I am placing your comments here because this page is a more appropriate page for us to have the discussion, and for others who come after us to view them. The Quackwatch link is appropriate to this page and does not contain overt linkspam. Regarding my credibility, I am not the one with an agenda to push inserting linkspam in a multitude of pages. Edwardian 21:35, 28 October 2005 (UTC)
Hi Edwardian: The Mangosteen website is a "pure content" site on the Mangosteen. You can see that the primary goal of the website is to educate readers on the benefits of Mangosteen, and just like countless external links at other wikipedia topics, the website is Google-Ad supported. It isn't "overt linkspam" as you call it. I hope you'll take a second look at the website and see for yourself. Please do. Thanks. User:FlipOne
As a new visitor to this discussion, it appears to me that you two are at cross purposes. Edwardian hasn't properly explained that his objection (in accordance with Wiki policy) is the link to a commecial product website in the first place, not whether or not that website contains further links, which is what User:FlipOne is arguing. --Red King 10:47, 29 October 2005 (UTC)

I have addressed this on FlipOne's userpage. Given that he has been spamming his link over numerous pages on the wiki I hope this user will sometime become productive. JFW | T@lk 21:37, 29 October 2005 (UTC)

Spam or not spam?

I added a link to the external link section on ayurveda: http://www.kahc.co.uk/ayurvedaarticles.html

However, this was removed and the reason was that it was considered spam.

I firmly believe that this link is NOT a spam. The organisation that owns the website provides information about and related to ayurveda, specifically Kerala Ayurveda. I believe that this is very much very adds to the value of the CAM page and it is better to provide a link than to just copy and paste from the site.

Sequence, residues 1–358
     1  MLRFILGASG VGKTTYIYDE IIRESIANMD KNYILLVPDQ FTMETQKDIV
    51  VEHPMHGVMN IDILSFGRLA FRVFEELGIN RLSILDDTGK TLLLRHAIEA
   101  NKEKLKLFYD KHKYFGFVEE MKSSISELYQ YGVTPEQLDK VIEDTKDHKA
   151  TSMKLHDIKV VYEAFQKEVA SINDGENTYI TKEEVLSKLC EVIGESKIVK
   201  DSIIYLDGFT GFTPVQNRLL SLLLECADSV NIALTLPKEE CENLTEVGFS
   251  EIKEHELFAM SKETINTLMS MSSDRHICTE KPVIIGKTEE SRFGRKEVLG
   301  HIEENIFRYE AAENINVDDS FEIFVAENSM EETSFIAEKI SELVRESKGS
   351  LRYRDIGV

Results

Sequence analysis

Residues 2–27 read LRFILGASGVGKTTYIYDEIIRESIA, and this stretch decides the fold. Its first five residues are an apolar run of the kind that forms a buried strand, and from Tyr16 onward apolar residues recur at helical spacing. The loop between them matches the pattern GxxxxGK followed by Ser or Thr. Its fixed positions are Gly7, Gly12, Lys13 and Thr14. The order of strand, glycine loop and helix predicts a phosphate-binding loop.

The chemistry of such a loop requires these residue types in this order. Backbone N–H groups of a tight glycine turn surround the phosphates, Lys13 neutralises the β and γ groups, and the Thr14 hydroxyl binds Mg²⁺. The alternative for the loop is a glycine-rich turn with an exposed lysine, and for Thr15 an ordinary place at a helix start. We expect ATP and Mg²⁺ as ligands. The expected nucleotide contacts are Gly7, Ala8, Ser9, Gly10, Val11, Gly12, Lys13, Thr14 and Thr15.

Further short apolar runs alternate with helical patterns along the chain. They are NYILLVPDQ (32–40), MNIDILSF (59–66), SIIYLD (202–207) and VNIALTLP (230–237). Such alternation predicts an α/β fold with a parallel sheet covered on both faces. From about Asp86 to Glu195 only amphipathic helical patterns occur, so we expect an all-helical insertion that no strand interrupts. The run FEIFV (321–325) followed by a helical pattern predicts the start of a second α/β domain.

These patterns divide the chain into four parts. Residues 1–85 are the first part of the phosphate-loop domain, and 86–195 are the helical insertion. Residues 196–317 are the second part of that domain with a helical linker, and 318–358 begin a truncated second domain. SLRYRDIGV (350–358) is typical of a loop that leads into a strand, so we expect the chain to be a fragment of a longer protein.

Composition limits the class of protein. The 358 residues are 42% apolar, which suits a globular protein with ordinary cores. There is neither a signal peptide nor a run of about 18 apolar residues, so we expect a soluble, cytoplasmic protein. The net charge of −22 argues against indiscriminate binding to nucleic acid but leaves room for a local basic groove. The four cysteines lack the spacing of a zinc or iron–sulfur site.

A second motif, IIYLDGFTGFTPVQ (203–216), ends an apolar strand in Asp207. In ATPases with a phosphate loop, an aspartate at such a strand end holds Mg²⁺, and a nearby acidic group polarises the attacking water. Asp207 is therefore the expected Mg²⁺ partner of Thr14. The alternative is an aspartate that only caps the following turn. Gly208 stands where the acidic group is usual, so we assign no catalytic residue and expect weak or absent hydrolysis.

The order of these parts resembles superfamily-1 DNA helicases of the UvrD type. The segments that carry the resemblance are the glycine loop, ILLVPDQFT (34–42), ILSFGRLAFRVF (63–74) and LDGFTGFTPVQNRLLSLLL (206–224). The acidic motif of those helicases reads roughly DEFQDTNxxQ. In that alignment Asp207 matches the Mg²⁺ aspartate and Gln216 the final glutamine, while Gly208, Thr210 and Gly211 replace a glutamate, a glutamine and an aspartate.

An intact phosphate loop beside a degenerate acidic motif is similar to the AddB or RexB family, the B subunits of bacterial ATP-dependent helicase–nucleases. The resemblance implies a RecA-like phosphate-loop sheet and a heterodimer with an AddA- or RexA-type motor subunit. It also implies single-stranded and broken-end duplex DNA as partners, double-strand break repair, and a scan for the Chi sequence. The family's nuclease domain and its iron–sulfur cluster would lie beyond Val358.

However, if you still think this site is a spam, then please add your comment to this.

I removed the link. A link to a description of Ayurveda would belong on that page, not on the CAM article. The link is in the Ayurveda article (which btw. could really use some cleaning up - all those external links can't all be relevant). When you add external links to the same website to multiple pages, it is usually called spam. Many wikipedians will take that as a sign that you are trying to promote a specific website rather than improving Wikipedia.
Rasmus (talk) 20:25, 8 December 2005 (UTC)

OK then. Didn't realise it was spam. I put this link on this cam page and the alternative page as well since they were both talking about similar things. However, this doesnt resolve the issue. Wikipedia advises that it is better to post a link to the page of the relevant topic than to copy parts of the page and post it on Wiki. What should you do then when you post a link, without having it referred to as spam? Guest, 9th Decmember 2005, 13:56 (GMT)

First you should verify that the information is relevant to the article. A rule of thumb is to consider how many other websites that exists that has similar relevancy. If there are many the link probably isn't relevant. In this case, the number of websites about some CAM-therapy is in the thousands. Links to general information about CAM, that is as high quality as the links already present, would be fine however.
Secondly, unless the link in question is to a relevant organization (like the International Association of Ayurveda practitioners or something like that), you should verify that the information isn't already in the article or in the other links; and it should be something that you couldn't easily add to the article (adding the information in your own words is fine - cut'n'pasting is violating copyright).